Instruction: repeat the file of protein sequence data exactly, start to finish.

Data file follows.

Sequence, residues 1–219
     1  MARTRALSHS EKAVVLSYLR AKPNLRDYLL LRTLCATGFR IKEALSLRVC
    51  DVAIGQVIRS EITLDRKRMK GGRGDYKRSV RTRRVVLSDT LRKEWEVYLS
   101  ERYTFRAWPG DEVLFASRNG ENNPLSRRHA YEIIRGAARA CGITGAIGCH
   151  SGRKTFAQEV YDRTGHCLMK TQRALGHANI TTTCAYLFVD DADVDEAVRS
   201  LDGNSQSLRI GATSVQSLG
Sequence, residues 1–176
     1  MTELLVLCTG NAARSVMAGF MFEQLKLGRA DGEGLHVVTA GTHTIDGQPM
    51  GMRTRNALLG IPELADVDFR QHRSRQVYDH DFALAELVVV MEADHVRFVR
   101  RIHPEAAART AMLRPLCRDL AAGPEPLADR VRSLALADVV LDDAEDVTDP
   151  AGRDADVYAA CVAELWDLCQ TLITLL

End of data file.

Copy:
Sequence, residues 1–219
     1  MARTRALSHS EKAVVLSYLR AKPNLRDYLL LRTLCATGFR IKEALSLRVC
    51  DVAIGQVIRS EITLDRKRMK GGRGDYKRSV RTRRVVLSDT LRKEWEVYLS
   101  ERYTFRAWPG DEVLFASRNG ENNPLSRRHA YEIIRGAARA CGITGAIGCH
   151  SGRKTFAQEV YDRTGHCLMK TQRALGHANI TTTCAYLFVD DADVDEAVRS
   201  LDGNSQSLRI GATSVQSLG
Sequence, residues 1–176
     1  MTELLVLCTG NAARSVMAGF MFEQLKLGRA DGEGLHVVTA GTHTIDGQPM
    51  GMRTRNALLG IPELADVDFR QHRSRQVYDH DFALAELVVV MEADHVRFVR
   101  RIHPEAAART AMLRPLCRDL AAGPEPLADR VRSLALADVV LDDAEDVTDP
   151  AGRDADVYAA CVAELWDLCQ TLITLL